There are more than 40 species of bats in the United States, each with distinctive physical characteristics.
Bats are the only mammals capable of true flight. Because they are nocturnal, they hunt at night and roost during the day in trees, bat boxes, under eaves and in buildings where they can gain access through open spaces in roofs, attics or walls.
All bats in Washington State are insectivores, and usually live around fresh water where insects are plentiful. Most active in the spring and summer, many bats migrate or hibernate during the winter. Contrary to popular belief, bats are not blind. They have fairly good eyesight, but do navigate and find food primarily by using a sonar-like system called echolocation.
Most bats give birth to a single baby which is unable to fly for several months. Babies cling to their mothers until they are too big to be carried, and are then left behind in a nursery colony while the adults hunt. Accessible attic spaces, which are often warm and dark, are sometimes used as nurseries until the babies are old enough to fly on their own.
For centuries, bats have been the subjects of negative mythology, but in reality they are useful predators and help to control insects. A single, little bat can consume up to 2,000 mosquitoes in one night.
Healthy bats prefer to keep their distance from humans. Stories about bats becoming entangled in people's hair are myths. Bats can be rabid, although this is an exaggerated danger. That said, there are rare instances of rabid bats biting humans and other animals.
Never attempt to pick up a bat with your bare hands. If you find a sick or injured bat, contact PAWS Wildlife Center (if you live in King or Snohomish Counties in Washington State) for assistance, or if you live outside of Western Washington find your local wildlife rehabilitation center.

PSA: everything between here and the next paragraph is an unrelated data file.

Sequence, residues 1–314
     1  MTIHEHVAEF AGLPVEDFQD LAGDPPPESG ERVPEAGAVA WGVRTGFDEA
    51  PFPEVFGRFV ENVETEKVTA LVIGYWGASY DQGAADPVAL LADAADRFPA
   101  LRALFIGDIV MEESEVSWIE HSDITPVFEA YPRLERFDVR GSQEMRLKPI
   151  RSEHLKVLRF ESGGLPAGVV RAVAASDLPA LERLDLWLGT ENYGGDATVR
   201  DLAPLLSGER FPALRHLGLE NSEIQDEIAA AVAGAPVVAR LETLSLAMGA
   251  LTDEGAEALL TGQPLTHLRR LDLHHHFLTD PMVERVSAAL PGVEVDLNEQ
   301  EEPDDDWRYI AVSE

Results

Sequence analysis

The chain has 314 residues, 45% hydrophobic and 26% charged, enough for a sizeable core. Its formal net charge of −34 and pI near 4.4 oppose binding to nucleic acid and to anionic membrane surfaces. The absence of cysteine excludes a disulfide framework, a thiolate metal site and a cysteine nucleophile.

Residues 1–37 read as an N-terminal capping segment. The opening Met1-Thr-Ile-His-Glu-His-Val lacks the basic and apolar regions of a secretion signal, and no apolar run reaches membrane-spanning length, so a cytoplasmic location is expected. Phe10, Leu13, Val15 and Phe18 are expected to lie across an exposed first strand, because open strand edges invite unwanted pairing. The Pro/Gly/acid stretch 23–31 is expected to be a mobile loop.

There are only a very few cases in the U.S. of rabies transmission from bat to human. Possible signs of rabies in bats include activity during daylight hours, and the inability to fly. If a bat is around people and the noise of human activity (all of which a normal bat will avoid), that is another possible sign the bat may have rabies. Rabid bats may also be lethargic, which unfortunately renders them docile and approachable.
If you or a domestic animal in your care is bitten, or if material such as saliva or droppings comes in contact with your eyes, nose, mouth or a wound of any kind, wash the area thoroughly with soap and water and seek medical advice immediately.
Some bats will bite and not leave any marks. That is why it is crucial to seek immediate medical advice, if you awaken and find a bat in your living area, near a child, or a disabled or impaired person. If you think a pet has been similarly exposed, immediately take the animal to a veterinarian.
Like other wild animals, bats sometimes find their way into buildings. They do not chew or dig their way in, but squeeze through cracks and holes less than an inch in diameter. Damage caused by bats is usually minimal, but the smell of their droppings can be offensive.
If you discover a bat in your living space:
Above: A Spotted Bat at PAWS Wildlife Center